As I’ve thought about those two conversations in conjunction with my own ministry context, I think the ARPC faces a singular obstacle, from a strategic perspective, when it comes to holding on to the next generation. There are few to no vibrant ARP congregations in the areas to which our young people move when they graduate high school or college.

The Challenge of Rural Communities

Historically, the ARPC has thrived in rural communities. Our congregations have a familial feel that is rooted in tradition and relationships. Hard-working, independent, God-fearing people living and worshipping together while maintaining the faith and the customs of their ancestors have provided the solid foundation upon which the denomination stands today. But things are changing.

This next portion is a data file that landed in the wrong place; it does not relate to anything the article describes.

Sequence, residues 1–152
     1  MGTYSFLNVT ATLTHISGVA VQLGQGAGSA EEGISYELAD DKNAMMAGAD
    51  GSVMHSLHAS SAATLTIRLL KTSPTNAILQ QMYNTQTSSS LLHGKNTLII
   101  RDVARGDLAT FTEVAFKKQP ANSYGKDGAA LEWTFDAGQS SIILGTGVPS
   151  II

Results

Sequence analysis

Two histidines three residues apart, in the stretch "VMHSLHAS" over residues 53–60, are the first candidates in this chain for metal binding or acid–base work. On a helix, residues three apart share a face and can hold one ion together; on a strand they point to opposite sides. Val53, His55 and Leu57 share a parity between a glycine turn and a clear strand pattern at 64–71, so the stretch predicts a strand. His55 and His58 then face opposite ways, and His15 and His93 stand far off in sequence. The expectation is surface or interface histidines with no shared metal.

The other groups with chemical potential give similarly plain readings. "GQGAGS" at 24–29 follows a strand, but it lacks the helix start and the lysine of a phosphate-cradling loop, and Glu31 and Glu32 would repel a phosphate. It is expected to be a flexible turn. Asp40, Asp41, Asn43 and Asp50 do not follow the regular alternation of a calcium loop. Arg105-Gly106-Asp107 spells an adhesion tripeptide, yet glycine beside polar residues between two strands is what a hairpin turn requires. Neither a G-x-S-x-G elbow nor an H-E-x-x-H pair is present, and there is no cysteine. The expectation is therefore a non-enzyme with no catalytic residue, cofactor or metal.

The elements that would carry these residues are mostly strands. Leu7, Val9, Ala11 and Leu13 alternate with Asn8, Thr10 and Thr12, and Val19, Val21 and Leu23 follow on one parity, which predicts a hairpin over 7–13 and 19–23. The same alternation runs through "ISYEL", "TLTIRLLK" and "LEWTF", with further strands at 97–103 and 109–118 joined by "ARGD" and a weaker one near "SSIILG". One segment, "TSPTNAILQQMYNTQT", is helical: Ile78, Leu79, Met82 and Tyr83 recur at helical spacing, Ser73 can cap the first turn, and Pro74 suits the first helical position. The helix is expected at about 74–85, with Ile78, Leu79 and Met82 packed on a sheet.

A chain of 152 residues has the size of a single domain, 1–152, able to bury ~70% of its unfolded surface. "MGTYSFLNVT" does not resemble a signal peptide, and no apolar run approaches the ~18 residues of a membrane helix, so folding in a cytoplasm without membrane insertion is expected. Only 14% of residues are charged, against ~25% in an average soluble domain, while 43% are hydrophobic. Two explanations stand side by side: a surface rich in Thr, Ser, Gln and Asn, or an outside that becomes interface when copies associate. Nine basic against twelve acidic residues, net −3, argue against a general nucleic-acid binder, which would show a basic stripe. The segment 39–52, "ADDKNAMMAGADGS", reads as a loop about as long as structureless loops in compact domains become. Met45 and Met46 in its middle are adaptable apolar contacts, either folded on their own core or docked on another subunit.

A 2018 report from the United Nations anticipates that 68% of the world’s population will live in urban centers by the year 2050. That is a predicted growth of 13% over the next 30 years.[1] This global trend is also reflected in US population statistics. In 2018, the Pew Research Center published a study that reported a 13% population increase for urban centers and a 16% increase for suburban counties between the years 2000 and 2018. This same report confirmed that rural counties, across the nation, experienced a 3% increase in the same time frame. The reported statistics indicate that this 3% increase was due to migrant workers moving into agricultural communities and a relatively high birth rate among the residents of rural counties. However, this small population increase for rural counties will most likely be short-lived as birth rates across the nation continue to fall. 2019 marked the fifth straight year of decline in the nation’s birth rate. That year there were 58.3 births for every 1000 women aged 15 to 44, and preliminary reports indicate that the number of births in 2020 will be less than 55 births per 1000 women, meaning that there will be 8% fewer children born in the country this year.[2]